Best Screws and Nails for Drywall
When it comes to working with drywall, not all fasteners are created equal. Because of the way drywall is constructed, it is important to use screws that provide a strong, long-lasting hold and allow for the appropriate amount of countersinking.
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This guide will provide key information on the types of nails, screws and other fasteners that work well on drywall installations.
There are three types of nails that are compatible with drywall:
- Drywall nails feature a ringed or barbed shank that affords greater holding power.
- Cement-coated nails have a smooth shank that is coated with resin to increase holding power.
- Cupped-head nails feature a rounded head that is easier to countersink for a smooth finish.
Remember to drive the nails slightly below the surface, and then use joint tape or compound to cover the heads.
Drywall screws (sometimes called sheetrock screws) provide a stronger hold, but cost a bit more than nails. These usually feature a Phillips head.
- Coarse drywall screws feature coarse threads to secure gypsum boards to studs.
- Fine drywall screws feature smaller heads and are used to secure drywall to metal studs.
- Self-drilling screws and pan-head screws can be used with metal studs or frames.
- Trim-head screws are used to attach wood trim over gypsum boards.
Screws can be driven in with a drill or electric drywall screw gun.
|Smooth Shank - Nails||Cement-Coated Smooth Nails Smooth surface coated with resin||Resin coating provides greater holding power Used to secure gypsum wallboard to wood framing|
|Coarse - Drywall Screws||Large, coarse threads||Used to secure gypsum board to wood framing Large threads provide strong holding power|
|Black Phosphate - Drywall Nails||Cupped-Head Nails Small, rounded head||Used to secure drywall to wood framing Cupped head allows for easier countersinking|
|Drywall Nails||Ringed shank and a large head||Used to secure gypsum wallboard to wood framing Ringed shank provides greater holding power A/T drywall nails are sterilized to protect against dirt and oil|
|Fine - Drywall Screws||Sharp points and smaller, fine threads||Used to secure drywall to 20-25 gauge steel Sharp point allows for easy penetration Fine threads provide strong hold|
|Pan - Screws||Pan-Head Framing Screws Short shank and a large head||Used to attach steel studs to a steel track Ideally suited for use with 20-25 gauge steel|
|Self Drilling - Drywall Screws||Long shank with fine threads||Used to attach drywall to 12-20 gauge steel Fine threads provide strong hold|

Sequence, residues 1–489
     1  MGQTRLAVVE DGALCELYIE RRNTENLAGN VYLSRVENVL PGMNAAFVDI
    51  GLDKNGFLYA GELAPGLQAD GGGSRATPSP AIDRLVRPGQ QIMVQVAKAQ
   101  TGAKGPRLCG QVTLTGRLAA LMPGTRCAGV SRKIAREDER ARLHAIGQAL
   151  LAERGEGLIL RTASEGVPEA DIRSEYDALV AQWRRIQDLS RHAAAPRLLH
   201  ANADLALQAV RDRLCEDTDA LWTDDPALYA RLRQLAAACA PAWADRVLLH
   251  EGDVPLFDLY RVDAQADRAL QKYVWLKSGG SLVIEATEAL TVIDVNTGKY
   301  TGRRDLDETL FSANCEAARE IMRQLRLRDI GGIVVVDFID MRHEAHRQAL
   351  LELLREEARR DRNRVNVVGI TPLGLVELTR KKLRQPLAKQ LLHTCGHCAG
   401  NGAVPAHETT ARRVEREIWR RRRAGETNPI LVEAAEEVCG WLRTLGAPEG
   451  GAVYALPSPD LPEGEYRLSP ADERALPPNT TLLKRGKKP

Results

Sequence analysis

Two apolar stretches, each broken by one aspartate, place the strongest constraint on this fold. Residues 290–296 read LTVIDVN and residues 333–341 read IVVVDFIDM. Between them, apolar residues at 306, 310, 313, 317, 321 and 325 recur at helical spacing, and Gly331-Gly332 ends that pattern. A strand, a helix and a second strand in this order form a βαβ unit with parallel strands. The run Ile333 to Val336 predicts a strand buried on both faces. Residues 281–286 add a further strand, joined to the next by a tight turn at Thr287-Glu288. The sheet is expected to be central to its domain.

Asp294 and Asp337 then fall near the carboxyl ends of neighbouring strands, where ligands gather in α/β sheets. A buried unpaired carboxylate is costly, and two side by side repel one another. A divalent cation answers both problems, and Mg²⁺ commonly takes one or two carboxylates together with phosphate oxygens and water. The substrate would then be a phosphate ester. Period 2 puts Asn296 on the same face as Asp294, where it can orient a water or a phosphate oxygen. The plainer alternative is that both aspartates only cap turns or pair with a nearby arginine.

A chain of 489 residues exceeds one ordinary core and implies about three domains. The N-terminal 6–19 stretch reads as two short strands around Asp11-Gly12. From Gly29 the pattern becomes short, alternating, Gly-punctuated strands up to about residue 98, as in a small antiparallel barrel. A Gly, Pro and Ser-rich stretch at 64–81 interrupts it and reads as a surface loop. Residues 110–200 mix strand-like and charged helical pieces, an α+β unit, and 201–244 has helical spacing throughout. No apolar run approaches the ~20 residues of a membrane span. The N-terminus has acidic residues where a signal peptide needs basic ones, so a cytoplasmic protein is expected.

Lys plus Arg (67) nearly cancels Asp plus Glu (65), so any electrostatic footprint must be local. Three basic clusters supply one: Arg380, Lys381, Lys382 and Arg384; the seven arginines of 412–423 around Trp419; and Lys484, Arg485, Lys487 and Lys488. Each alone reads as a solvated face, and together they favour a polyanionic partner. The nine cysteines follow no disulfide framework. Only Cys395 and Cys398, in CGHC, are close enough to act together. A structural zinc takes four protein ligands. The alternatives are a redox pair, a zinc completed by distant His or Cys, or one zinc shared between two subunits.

|deck screws||Flat, countersunk surface, tapered shank and sharp threads||Design helps eliminate the risk of splitting, cracking or weakening Shank is designed for long-term durability that helps firmly secure|
To properly secure drywall, the right number of drywall fasteners should be used. Check for local building codes before starting your drywall project to find out about the requirements for your area.
- When working with 1/2-inch drywall panels, use 1-1/4 or 1-3/8-inch nails or screws.
- When working with 5/8-inch drywall panels, use 1-3/8-inch or 1-5/8-inch screws.
- In most cases, securing drywall will require fewer screws than nails.
- Double-nailing panels will help minimize the occurrence of nail pops.
- Nails should only be used with wood studs. Screws can be used with wood and metal.
Screws are named for the material they're intended for. So a drywall screw would be used for drywall, while a wood screw would be used for wood. While drywall screws are typically made of steel, wood screws are a combination of materials including steel.
Wood screws come in various head styles, while a drywall screw has a bulge or flat head. Most drywall screws are self-starting due to their sharp, hard tips and can be screwed directly into the material with a drill or screwdriver. Some wood screws are self-starting, but most require a pilot hole before being drilled into the material.
An anchor is used to fasten or attach an item to a specific surface. There are certain types of anchors used for these surfaces.
- Masonry and Concrete Anchors: These anchors are used for harder-to-pierce walls, such as walls made of concrete, brick or mortar (also known as masonry).
- Hollow and Drywall Anchors: These anchors are used on surfaces that are either hollow or more fragile. For example, doors, ceilings or drywall itself.
It's important you find the correct anchor for any specific surface. Otherwise, the anchor may loosen over time and cause unwanted damage.